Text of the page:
COLUMBUS – AAA, Ohio State Highway Patrol, Ohio Department of Insurance, Ohio Department of Transportation, Ohio Department of Natural Resources and the Ohio Turnpike and Infrastructure Commission want to remind motorists of the increase in deer-related traffic crashes this time of year.
Since 2018, statistics from the Ohio State Highway Patrol show there were 104,328 deer-related crashes on Ohio’s roadways. While 95% of deer-related crashes only resulted in property damage, 33 crashes resulted in fatal injuries to motorists, with a total 34 people being killed. Additionally, 47% of these crashes occurred in October, November and December.
“Ohio drivers should keep in mind that deer activity always increases during this time of year – especially at dawn and dusk,” said Governor Mike DeWine. “With Ohio’s strengthened distracted driving laws now in place, we anticipate that more drivers will stay alert to their surroundings, and as a result, we hope fewer deer-related crashes will take place this fall.”
At least 50 deer-related crashes happened in each county, with the highest taking place in Stark, Richland, Hancock and Defiance counties. The routes with the most deer-related crashes were U.S. Route 30, state Route 2, Interstate 71, Interstate 75 and Interstate 77.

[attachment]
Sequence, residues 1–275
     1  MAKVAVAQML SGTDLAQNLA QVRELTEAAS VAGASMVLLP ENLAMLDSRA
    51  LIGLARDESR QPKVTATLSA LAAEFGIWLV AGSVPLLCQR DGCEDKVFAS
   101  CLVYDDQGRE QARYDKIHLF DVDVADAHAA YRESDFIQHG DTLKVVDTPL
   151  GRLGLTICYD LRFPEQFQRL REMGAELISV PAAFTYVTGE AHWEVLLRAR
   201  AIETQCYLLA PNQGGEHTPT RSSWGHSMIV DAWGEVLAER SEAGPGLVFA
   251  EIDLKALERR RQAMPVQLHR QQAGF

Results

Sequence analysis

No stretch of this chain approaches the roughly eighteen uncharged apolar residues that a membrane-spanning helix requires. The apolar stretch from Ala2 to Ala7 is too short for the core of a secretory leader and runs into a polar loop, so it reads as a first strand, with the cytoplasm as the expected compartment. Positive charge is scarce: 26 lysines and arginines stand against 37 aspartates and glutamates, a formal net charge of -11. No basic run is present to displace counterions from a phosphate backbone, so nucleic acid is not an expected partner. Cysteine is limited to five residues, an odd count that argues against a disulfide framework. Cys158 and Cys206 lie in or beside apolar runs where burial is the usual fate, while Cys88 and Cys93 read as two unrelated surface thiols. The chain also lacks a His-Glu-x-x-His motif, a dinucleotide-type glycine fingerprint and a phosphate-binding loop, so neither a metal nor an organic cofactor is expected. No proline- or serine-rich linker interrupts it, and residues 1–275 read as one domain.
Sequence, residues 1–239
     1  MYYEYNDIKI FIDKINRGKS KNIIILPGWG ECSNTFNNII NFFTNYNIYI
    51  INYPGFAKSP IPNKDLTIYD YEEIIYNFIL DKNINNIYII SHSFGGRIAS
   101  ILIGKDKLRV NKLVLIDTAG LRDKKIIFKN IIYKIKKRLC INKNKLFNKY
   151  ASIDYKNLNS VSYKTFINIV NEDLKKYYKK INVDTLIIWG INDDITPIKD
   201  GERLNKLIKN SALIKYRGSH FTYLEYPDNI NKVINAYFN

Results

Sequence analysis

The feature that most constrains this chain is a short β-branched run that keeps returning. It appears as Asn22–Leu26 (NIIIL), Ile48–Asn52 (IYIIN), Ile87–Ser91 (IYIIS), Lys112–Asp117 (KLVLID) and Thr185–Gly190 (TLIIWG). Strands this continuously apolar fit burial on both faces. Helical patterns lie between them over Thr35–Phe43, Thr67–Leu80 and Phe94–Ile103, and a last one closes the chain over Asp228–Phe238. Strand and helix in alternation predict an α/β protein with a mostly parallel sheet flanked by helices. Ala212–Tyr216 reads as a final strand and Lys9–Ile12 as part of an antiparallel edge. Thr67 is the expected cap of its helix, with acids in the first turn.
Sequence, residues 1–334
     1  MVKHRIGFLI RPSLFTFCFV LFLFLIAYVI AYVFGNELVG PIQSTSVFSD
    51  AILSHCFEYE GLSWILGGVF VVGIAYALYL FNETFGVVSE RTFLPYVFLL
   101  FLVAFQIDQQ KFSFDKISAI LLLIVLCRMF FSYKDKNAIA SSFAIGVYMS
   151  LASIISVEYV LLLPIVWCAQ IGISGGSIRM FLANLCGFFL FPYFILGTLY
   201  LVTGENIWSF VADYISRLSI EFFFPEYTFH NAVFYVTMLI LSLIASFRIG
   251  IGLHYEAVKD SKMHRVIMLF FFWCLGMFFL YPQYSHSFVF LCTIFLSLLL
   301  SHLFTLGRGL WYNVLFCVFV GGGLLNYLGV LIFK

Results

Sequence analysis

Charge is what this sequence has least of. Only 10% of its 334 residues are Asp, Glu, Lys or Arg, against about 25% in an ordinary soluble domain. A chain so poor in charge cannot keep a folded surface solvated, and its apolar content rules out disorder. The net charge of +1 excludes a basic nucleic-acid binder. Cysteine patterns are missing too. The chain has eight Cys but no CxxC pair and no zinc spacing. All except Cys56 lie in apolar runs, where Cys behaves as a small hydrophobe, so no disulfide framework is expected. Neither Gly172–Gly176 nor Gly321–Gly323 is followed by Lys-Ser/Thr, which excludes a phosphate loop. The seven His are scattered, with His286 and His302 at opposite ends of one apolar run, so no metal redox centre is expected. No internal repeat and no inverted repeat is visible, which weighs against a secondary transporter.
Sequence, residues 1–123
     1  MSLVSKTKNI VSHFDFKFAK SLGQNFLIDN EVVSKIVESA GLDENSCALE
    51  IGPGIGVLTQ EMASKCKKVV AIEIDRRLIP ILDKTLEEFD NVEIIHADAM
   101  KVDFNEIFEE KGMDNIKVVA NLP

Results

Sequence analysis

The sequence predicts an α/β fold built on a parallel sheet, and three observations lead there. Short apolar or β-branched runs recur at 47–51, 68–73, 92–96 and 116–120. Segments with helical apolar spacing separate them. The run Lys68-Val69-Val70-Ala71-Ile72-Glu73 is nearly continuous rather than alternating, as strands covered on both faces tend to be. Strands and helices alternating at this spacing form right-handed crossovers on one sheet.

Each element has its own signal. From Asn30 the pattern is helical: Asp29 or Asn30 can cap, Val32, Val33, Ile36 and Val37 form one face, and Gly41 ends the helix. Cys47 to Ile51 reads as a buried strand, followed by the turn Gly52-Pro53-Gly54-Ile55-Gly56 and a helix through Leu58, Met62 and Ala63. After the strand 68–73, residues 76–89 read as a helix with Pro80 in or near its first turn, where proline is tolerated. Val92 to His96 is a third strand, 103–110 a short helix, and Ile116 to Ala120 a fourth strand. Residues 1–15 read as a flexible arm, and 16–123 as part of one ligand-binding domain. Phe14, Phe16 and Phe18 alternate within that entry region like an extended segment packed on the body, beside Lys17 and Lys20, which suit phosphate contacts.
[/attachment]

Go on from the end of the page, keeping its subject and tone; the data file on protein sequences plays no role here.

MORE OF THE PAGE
“You’re more likely to spot deer when you practice safe driving habits and have your full attention on the roadway,” said Colonel Charles A. Jones, Patrol superintendent. “If you happen to strike a deer, if you’re able, move yourself to a safe place, turn on your hazards and report the crash.”
According to the Ohio Department of Natural Resources (ODNR) Division of Wildlife, deer become visibly active in October, November and December. This is due in large part to the fall breeding season, which sometimes causes deer to dart into roadways with little caution. This unpredictable movement
leads to an increase in deer-related vehicle crashes. Drivers are encouraged to be extra cautious in areas where fencerows, riparian corridors or other blocks of forested habitat intersect a roadway.
“With deer activity on the rise, it’s extra important at this time of year to watch for deer,” said Division of Wildlife Chief Kendra Wecker. “Deer often move in groups, so if you see one, slow down and be prepared for more to cross the road.”
On average, the Ohio Department of Transportation and the Ohio Turnpike and Infrastructure Commission remove more than 13,000 deer carcasses from our roadways each year.